Nigel Farage poses for a photograph as he unveils a new UKIP campaign poster for European Elections on May 11, 2014 in London. Photograph: Getty Images.
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Cooper and Lammy's condemnation of Farage as "racist" puts pressure on Miliband

The Labour leader is being pushed to be less ambiguous in his criticism of the Ukip leader.

In his interviews yesterday and today, Ed Miliband was careful to avoid condemning Nigel Farage as a "racist" for his comments on Romanians. He described the remark (suggesting that people should be worried if Romanians moved next door to them) as "a racial slur" but added: "I don’t think of Nigel Farage as a racist himself". After working hard to dispel the perception that Labour regards anyone concerned about immigration as a "bigot", it is not hard to see why Miliband is reluctant to attack the Ukip leader in such terms. 

Rather than denouncing Farage for his stance on foreigners, Miliband has focused on criticising him as "more Thatcherite than Thatcher", highlighting his past support for a flat tax, GP charges and the abolition of maternity and paternity leave. 

But there are many in Labour, including in the shadow cabinet, who would like Miliband to offer a less ambiguous condemnation of the Ukip leader's remarks. In interviews today, David Lammy and Yvette Cooper have both been blunter in their criticism. Lammy told the Daily Politics: "What Nigel Farage said over the weekend was racist. So I'm clear, he's a racist. I am from a background where my parents arrived here as immigrants. I remember a context in which some people said: 'You don't want these people living next door to you.' That was racist."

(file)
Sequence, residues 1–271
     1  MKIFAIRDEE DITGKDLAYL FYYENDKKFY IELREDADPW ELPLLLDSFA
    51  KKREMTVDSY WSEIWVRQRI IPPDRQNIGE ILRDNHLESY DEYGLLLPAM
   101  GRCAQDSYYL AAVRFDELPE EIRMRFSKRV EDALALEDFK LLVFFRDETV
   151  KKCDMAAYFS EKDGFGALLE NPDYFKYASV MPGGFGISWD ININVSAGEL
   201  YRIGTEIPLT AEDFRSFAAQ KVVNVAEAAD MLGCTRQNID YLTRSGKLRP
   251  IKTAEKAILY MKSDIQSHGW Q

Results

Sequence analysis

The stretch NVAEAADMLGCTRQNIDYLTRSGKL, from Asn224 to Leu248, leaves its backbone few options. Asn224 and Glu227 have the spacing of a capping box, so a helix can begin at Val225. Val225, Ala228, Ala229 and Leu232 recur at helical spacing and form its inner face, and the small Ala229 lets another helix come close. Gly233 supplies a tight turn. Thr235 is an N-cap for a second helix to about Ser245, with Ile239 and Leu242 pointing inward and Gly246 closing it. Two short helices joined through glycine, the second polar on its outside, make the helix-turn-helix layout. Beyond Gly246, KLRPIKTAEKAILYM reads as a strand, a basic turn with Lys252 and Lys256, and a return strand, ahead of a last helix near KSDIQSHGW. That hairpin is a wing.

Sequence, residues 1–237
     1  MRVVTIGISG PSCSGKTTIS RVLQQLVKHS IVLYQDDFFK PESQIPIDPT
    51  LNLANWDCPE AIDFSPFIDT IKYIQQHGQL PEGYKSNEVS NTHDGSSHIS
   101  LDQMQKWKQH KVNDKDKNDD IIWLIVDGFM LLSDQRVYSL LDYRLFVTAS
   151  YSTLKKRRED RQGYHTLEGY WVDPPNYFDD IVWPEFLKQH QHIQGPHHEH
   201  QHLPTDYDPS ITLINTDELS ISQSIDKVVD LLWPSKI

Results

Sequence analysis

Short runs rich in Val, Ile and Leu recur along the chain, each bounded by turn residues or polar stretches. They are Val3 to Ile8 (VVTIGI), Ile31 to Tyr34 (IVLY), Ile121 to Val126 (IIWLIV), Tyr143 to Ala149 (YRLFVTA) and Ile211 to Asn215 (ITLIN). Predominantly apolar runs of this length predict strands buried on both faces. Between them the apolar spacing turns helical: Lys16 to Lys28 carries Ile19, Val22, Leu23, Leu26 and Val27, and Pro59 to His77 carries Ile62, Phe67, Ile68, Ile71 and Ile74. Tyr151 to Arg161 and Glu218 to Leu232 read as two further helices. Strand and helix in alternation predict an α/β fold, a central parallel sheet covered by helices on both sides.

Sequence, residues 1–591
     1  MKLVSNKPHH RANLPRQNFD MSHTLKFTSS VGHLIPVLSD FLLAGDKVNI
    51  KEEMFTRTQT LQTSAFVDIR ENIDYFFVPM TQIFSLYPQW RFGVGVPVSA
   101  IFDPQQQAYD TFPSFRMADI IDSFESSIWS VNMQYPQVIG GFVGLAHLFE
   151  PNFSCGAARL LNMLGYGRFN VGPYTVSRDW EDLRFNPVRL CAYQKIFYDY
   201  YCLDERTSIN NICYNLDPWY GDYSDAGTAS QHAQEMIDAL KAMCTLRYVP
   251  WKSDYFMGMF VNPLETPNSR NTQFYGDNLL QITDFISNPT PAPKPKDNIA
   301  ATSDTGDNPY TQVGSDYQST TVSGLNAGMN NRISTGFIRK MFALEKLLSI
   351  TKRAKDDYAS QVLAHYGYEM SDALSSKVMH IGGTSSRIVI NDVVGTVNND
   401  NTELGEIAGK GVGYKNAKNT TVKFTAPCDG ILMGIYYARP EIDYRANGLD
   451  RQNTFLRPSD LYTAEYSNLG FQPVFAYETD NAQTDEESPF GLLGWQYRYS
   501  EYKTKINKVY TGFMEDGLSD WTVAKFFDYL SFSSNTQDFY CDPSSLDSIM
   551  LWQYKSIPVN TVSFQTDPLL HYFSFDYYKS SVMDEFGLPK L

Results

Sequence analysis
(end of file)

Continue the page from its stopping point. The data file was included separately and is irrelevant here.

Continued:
Cooper later told ITV News: "It's not racist to be worried about immigration or to want stronger controls, but it is racist to somehow stir up fears about Romanians living next door. So Ukip should say they were wrong on that." As the Labour figure responsible for immigration policy, her intervention was significant.

It's worth noting, however, that Lammy himself said it was not worth getting into a "pedantic discussion of the difference between a racial slur and racism." But their comments will still increase the pressure on Miliband to explain why he does not regard Farage as a racist, rather than merely why it is not helpful to do so. 

George Eaton is political editor of the New Statesman.

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Are women-only carriages the way forward?

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